Komet her ir edler man
Come here, you nobleman;|
You must nurse your strength
with Death, who spares no man.
If you win you'll be rewarded.
Ich habe manchen man dirschreckit
I have frightened many men,|
who were well covered by armour.
Now Death is frightening me here
and brings on the apprehensive distress.
Death has been equipped with a pair of sagging breasts. If nothing else, it goes to show that Death isn't one single character. In Lübeck's dance of death one might imagine that Death was the same figure, who were skipping around in the dance, but not so in Heidelberg. This is not Death's dance, but a line of the dead.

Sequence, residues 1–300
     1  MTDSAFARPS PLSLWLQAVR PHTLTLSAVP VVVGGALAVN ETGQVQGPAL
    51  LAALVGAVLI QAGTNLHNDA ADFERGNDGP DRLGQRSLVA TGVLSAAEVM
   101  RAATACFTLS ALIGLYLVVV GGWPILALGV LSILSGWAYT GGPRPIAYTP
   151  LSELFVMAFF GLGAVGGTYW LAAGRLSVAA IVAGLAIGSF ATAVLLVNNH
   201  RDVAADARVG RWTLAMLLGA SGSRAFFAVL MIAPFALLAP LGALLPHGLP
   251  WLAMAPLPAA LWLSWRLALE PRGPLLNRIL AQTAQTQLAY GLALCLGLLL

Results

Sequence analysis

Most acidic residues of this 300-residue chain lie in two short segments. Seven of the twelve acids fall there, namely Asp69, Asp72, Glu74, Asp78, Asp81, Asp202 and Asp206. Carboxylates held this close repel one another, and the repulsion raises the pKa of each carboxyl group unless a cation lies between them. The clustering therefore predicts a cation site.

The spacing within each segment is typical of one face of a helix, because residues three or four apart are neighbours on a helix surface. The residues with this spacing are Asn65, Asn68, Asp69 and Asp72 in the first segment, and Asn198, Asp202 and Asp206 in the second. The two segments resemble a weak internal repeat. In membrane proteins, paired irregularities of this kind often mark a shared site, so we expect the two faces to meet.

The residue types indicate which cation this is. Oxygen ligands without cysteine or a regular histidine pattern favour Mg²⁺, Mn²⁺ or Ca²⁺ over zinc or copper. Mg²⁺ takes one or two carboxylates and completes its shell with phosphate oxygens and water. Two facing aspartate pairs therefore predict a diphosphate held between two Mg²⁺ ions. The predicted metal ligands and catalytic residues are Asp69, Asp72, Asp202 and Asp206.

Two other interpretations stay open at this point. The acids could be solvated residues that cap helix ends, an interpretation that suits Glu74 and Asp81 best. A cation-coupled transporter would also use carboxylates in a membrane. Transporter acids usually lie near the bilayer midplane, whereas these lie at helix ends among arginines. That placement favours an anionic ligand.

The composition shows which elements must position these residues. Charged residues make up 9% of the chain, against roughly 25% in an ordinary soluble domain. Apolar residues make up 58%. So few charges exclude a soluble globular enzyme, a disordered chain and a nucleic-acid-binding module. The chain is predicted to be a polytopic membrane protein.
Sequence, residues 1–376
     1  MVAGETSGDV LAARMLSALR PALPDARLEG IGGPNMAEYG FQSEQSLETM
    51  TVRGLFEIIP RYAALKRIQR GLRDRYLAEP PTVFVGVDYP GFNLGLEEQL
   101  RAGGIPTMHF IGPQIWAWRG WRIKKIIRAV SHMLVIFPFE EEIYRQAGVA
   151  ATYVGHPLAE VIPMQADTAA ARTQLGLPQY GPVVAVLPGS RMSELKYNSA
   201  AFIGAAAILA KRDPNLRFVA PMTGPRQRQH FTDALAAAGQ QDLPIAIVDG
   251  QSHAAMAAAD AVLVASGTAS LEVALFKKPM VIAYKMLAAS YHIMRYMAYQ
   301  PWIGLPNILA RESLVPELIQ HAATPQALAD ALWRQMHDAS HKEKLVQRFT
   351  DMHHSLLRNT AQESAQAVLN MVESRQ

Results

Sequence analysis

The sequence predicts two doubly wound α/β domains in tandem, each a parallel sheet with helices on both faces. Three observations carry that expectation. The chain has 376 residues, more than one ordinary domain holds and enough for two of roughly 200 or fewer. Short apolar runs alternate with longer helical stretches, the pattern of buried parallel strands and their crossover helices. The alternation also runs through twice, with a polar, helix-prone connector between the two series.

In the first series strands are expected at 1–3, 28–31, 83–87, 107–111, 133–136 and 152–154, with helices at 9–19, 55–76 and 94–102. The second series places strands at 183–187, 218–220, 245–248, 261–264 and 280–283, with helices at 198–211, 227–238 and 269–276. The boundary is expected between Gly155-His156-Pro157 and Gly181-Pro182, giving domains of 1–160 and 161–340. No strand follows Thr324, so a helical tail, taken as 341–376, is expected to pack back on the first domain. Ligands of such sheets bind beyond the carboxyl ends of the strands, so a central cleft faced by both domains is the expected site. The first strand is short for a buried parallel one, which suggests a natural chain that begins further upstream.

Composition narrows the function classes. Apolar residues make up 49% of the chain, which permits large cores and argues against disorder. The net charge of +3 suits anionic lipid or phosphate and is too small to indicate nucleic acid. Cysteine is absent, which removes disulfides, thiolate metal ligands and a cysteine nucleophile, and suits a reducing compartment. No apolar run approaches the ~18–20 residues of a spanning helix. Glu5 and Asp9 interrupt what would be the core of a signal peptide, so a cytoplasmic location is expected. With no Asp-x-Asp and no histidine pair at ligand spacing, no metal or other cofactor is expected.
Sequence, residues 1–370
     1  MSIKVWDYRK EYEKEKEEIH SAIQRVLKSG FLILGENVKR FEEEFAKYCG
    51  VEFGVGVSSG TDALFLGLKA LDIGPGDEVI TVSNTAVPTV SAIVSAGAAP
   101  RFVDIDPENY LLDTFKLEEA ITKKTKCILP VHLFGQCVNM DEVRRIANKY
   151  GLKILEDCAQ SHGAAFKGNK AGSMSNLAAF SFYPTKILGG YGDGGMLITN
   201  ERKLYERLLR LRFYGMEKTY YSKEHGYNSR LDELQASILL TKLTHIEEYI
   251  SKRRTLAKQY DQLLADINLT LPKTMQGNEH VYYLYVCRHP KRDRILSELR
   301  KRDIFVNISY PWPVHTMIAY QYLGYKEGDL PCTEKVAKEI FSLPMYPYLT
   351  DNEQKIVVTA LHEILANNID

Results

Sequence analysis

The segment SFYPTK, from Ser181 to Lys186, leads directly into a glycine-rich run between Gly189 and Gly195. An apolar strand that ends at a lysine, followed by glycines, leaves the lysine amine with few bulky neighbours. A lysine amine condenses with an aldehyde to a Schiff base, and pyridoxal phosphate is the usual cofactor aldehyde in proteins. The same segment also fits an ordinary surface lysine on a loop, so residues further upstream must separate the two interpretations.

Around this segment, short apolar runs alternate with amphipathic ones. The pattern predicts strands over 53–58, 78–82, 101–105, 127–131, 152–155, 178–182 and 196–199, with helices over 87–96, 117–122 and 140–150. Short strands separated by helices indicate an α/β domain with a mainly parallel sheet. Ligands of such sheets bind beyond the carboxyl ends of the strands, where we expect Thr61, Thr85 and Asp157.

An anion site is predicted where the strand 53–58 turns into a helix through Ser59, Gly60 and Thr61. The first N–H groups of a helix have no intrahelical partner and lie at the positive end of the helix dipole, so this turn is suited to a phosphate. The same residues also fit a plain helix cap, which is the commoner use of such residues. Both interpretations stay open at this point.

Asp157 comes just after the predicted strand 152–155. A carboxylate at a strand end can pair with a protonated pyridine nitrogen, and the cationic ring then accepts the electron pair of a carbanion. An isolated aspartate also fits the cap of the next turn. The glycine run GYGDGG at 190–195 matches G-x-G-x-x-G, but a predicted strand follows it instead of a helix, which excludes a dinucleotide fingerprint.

I does lend some weird under-tones to the text when Death comes in the figure of a woman. It's not unusual in the dances of death for Death to challenge a warrior to "the final fight", but here the nobleman has to "nurse his strength" with her, "who spares no man", and he'll be "rewarded if he lies on top".
A little less than hundred years later, Hans Holbein copied the idea of showing how Death in the form of a frail woman has power over even the strongest warrior (see the letter I).